Pull out the shims, and remove the wood blocks at the lower edge of the gate after the latch is installed.

(844) 401-8447 | FREE SHIPPING ON YARD ORDERS OVER $499

How do I install a cantilever gate?

America’s Gate Company offers a wide selection of ready-made and custom fabricated gates, no matter the applications. As the gate division of The American Fence Company, America’s Gate Company has over 55 years of experience in gate design, fabrication and installation. With either fabrication facilities and a large team of certified welders and computer-aided designers, your gate will be fabricated to match your unique requests.

A cantilever gate should be installed on a level plane so that the gate can roll in both directions without having additional gravitational pull as a result of the weight of the gate. Slight adjustments can be made to allow for some minor slope, however, too much slope and the gate could prove to be dangerous while rolling down hill. If you don’t have your cantilever gate yet, check out America’s Gate Company’s extensive guide on how to select your cantilever gate that will help you choose every detail of your cantilever gate.

To install a cantilever gate:

  1. How to hang a gateInstall the two bottom cantilever rollers so that the rollers are toward the inside of the fence while fabric is on the outside. The rollers should be approximately 1” off the ground. Place a piece of rail across the two rollers. Place a level on the rail and adjust the rollers up or down so that the rail is level. Also, make sure that the rollers are adjusted so that the gate will not slide into the grade as a result of a slope. Tighten the rollers.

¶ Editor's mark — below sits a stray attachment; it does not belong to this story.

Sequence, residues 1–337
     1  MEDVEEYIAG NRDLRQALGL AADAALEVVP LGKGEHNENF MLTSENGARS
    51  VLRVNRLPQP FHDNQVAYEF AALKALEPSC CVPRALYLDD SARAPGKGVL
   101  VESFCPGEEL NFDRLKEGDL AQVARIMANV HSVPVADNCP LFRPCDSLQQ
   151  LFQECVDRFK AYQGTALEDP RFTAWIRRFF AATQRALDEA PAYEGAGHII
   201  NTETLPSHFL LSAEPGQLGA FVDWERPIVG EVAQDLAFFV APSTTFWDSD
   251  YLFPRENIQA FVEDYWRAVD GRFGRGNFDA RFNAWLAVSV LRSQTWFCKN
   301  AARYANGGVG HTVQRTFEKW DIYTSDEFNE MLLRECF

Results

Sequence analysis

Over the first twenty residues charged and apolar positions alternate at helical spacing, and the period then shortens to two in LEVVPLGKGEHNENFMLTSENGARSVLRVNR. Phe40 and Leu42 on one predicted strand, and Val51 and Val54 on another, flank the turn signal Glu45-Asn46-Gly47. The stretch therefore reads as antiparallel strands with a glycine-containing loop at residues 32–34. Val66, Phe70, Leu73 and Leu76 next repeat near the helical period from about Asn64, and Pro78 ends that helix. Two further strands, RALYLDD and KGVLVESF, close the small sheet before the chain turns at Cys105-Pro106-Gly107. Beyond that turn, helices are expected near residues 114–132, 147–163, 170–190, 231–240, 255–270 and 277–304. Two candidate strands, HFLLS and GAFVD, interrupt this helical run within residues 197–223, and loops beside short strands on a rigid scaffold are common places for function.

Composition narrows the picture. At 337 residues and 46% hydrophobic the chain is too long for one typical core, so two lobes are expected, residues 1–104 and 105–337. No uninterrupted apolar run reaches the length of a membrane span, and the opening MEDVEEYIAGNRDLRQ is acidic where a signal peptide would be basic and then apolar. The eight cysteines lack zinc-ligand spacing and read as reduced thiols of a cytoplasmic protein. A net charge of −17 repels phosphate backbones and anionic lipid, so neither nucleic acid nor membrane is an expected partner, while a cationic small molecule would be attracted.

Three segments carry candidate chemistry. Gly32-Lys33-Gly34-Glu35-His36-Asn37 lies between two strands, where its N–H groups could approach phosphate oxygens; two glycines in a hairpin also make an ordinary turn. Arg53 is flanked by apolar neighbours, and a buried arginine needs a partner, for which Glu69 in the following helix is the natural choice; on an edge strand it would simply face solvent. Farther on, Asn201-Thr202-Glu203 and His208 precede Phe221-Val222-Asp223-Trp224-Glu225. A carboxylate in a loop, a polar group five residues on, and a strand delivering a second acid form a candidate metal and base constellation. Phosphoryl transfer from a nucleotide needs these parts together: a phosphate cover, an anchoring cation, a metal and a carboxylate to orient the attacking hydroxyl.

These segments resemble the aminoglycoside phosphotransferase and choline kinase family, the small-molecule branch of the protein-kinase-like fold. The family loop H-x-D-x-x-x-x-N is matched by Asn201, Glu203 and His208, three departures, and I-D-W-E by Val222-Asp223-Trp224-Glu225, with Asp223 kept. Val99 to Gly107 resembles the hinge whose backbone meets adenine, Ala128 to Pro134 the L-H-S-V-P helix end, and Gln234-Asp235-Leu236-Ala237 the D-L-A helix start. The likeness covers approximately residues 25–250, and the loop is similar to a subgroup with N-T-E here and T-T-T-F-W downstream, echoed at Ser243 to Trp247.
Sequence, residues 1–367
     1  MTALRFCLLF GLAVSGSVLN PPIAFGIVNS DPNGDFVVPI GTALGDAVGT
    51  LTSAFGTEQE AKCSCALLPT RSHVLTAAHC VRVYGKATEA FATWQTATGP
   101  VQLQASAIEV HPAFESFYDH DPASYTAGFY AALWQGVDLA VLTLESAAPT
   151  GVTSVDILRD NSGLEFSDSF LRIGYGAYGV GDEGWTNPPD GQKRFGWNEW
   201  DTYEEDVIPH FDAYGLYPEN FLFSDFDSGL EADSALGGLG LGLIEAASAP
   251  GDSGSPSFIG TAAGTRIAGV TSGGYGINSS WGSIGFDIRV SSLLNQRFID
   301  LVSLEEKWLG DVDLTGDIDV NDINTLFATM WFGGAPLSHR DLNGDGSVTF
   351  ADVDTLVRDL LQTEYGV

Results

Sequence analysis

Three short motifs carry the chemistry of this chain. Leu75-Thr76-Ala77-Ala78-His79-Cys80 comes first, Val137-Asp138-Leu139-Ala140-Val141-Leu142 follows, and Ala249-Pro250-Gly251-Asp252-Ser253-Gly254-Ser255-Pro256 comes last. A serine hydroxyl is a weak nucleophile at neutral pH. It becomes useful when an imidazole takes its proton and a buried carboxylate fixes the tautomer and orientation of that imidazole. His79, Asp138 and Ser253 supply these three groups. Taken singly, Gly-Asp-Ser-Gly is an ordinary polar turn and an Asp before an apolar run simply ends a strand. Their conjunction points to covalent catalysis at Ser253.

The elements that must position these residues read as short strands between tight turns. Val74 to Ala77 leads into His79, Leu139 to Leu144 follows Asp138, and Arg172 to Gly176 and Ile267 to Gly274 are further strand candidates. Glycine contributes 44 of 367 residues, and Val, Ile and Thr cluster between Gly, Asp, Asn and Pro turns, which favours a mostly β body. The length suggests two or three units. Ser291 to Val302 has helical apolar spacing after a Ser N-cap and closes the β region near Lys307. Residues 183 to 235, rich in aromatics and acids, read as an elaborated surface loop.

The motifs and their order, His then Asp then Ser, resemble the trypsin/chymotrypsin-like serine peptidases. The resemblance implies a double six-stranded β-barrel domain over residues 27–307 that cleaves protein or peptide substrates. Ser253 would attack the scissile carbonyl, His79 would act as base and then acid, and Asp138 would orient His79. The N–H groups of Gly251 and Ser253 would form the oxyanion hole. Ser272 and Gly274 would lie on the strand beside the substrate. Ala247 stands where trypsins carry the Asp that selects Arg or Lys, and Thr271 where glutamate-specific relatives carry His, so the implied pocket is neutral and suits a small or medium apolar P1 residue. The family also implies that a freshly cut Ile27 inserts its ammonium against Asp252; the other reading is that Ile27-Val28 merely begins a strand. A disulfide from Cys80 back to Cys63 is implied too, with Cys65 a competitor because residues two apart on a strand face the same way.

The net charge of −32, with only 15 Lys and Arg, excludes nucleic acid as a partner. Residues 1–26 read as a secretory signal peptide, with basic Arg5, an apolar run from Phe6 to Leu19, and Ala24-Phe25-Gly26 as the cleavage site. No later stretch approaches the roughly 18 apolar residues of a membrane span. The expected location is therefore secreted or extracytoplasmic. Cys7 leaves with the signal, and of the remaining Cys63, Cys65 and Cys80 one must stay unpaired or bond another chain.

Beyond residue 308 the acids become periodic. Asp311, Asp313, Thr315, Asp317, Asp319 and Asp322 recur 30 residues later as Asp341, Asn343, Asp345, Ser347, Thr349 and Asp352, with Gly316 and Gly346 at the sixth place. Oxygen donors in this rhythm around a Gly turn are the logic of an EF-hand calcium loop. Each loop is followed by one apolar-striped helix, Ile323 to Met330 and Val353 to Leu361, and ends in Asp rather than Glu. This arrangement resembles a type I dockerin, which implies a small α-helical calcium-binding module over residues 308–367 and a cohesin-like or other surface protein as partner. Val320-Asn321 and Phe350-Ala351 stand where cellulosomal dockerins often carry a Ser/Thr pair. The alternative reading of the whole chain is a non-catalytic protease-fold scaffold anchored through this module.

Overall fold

2. Install the two top cantilever rollers so the rollers will capture the gate once in place. Hand tighten the rollers.
  3. Install the gate onto the two bottom rollers. Stand the gate up. When in the upright position, slide the two rollers over and onto the gate. With the gate touching both bottom rollers (balanced in-between the rollers), tighten the two top rollers, leaving a ½” clearance between the rollers and top of gate frame (track or 2.5” pipe). Tighten the rollers.
  4. Roll the gate forward and backwards through the opening. If the gate binds, you may have to raise one of the top rollers.
  5. Adjust the rollers as needed so that you keep the gate as close to the ground as possible, but do not place the rollers below grade or buried. In the winter, the areas around the rollers will fill with snow and freeze.
  6. Do not dig a trench for the gate to fully open. Again, in the winter the snow will freeze the gate in place.
  7. Fully tighten all rollers upon completing final adjustments.
  8. Install the latch assembly. If installing a gate operator, use the large “V” receiver that allows the gate to be channeled into the receiver. If manually operating the gate, use a cantilever locking device so that a padlock may be applied.

How to hang a gate

© 2018 The American Fence Company. All rights reserved. Permission granted to reproduce for personal and educational use only. Commercial use, copying or distribution is prohibited without express written permission from The American Fence Company.

© 2021 The American Fence Company. All rights reserved. Permission granted to reproduce for personal and educational use only. Commercial use, copying or distribution is prohibited without express written permission from The American Fence Company.